World and Nation

Youths Clash With Paris Police After Teens Die in Car Accident

Dozens of youths clashed with police on Monday for the second night in a row in a working- and lower-class suburb north of Paris, throwing stones, glass and firebombs against large contingents of heavily armed riot police officers and moving nimbly from target to target on several fronts, torching cars and a garbage truck.

President Nicolas Sarkozy, in China on Monday on an official visit, appealed for calm.

The clashes began when two teenagers traveling on a motorbike died in a collision with a police car on Sunday afternoon in the town of Villiers-le-Bel, about 12 miles north of Paris, in the Val d’Oise department. The two teenagers were identified in French news reports only as 15-year-old Moushin and 16-year-old Larami.

On Monday night, more than 100 youths had pushed riot police officers into the middle of a four-way intersection, raining projectiles on them from at least two directions. Police officers responded with tear gas and paint guns to mark the attackers for arrest. Broken glass and used tear-gas canisters littered the roads.

At least one police officer was wounded. Within sight of the intersection, a garbage truck was on fire, apparently unattended as youths were lined up behind it.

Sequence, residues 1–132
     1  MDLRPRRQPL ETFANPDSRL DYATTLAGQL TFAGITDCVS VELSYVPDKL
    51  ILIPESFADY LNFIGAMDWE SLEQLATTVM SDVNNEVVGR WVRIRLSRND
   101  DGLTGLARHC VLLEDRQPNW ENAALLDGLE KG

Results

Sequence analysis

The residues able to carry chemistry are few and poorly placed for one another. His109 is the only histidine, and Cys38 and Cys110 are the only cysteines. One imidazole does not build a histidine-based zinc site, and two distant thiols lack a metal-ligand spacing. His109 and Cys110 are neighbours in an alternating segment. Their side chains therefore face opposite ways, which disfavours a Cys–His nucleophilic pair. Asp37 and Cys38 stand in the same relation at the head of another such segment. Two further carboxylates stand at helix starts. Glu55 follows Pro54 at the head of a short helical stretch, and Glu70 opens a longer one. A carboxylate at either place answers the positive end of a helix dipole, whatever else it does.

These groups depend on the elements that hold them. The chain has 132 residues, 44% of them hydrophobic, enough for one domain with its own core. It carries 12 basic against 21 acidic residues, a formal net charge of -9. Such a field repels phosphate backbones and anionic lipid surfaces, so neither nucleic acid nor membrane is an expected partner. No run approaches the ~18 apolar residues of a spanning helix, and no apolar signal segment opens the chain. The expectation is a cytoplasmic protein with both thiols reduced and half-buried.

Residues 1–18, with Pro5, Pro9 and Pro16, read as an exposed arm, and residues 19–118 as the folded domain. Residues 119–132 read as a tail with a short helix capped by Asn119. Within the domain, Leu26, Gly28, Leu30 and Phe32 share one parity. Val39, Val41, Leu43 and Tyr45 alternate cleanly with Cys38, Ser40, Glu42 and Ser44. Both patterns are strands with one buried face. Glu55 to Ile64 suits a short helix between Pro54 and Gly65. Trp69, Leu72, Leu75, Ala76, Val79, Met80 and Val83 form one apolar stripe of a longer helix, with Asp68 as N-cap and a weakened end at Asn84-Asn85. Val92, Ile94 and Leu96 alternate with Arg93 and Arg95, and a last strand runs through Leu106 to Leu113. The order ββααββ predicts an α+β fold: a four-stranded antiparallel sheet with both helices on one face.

At least 15 cars were burned Monday, with the police guarding the local fire department and moving to protect firefighters as they put out fires. At least three buildings received some fire damage, including a library and a post office, a spokesman for the police in Val d’Oise said.

Many of the youths had lined up garbage cans in the middle of the street.

Firecrackers could be heard. When a firebomb hit a garbage can, the youths could be heard cheering. Standing on the sideline of the battles, one youth was holding a poster of one of the two dead youths: “Deceased 25/11/07. Dead for nothing.”

The incidents on Monday night took place not far from where Moushin and Larami died, and they followed other confrontations between youths and the police on Sunday night.

Within an hour of the teenagers’ deaths, bands of youths had begun to throw stones at the police car. Through the evening, they burned down the police station in Villiers-le-Bel, four privately owned buildings, 28 cars and two dozen trash cans, the police said. A police officer suffered a punctured lung. Nine arrests were made, mainly in Villiers-le-Bel.

The violence spread to nearby Sarcelles, and some damage was reported in other towns.

The police expected more unrest on Monday night.

“We’ve talked to our colleagues from the domestic intelligence services, who themselves talked to their contacts, in particular in schools, and what they are hearing are the little brothers saying, ‘My big brother told me to stay home tonight because they are going to destroy everything,’” Patrick Trotignon, who is in charge of the Paris area for the Synergie Officiers police union, said Monday in an interview.